Engel and Resnick are part of Google Magenta—a small team of AI researchers inside the internet giant building computer systems that can make their own art—and this is their latest project. It’s called NSynth, and the team will publicly demonstrate the technology later this week at Moogfest, the annual art, music, and technology festival, held this year in Durham, North Carolina.

The idea is that NSynth, which Google first discussed in a blog post last month, will provide musicians with an entirely new range of tools for making music. Critic Marc Weidenbaum points out that the approach isn’t very far removed from what orchestral conductors have done for ages—“the blending of instruments is nothing new,” he says—but he also believes that Google’s technology could push this age-old practice into new places. “Artistically, it could yield some cool stuff, and because it’s Google, people will follow their lead,” he says.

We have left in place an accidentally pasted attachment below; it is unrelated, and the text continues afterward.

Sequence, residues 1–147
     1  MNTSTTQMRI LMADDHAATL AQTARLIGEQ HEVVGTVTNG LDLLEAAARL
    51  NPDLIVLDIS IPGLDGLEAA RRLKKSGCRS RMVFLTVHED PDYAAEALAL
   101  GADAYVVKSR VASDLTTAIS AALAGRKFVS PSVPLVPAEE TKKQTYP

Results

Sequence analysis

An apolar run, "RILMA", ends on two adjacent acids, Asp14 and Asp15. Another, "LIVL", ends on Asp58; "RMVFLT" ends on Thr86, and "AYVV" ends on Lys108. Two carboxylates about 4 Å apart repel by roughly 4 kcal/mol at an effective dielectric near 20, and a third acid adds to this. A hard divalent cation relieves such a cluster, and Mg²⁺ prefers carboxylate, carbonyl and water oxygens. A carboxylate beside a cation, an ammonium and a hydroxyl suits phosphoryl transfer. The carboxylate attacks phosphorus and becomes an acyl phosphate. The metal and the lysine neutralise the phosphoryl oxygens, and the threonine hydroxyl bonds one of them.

The Boundaries of Sound

Magenta is part of Google Brain, the company’s central AI lab, where a small army of researchers are exploring the limits of neural networks and other forms of machine learning. Neural networks are complex mathematical systems that can learn tasks by analyzing large amounts of data, and in recent years they’ve proven to be an enormously effective way of recognizing objects and faces in photos, identifying commands spoken into smartphones, and translating from one language to another, among other tasks. Now the Magenta team is turning this idea on its head, using neural networks as a way of teaching machines to make new kinds of music and other art.




Google’s New AI Tool Turns Your Selfies Into Emoji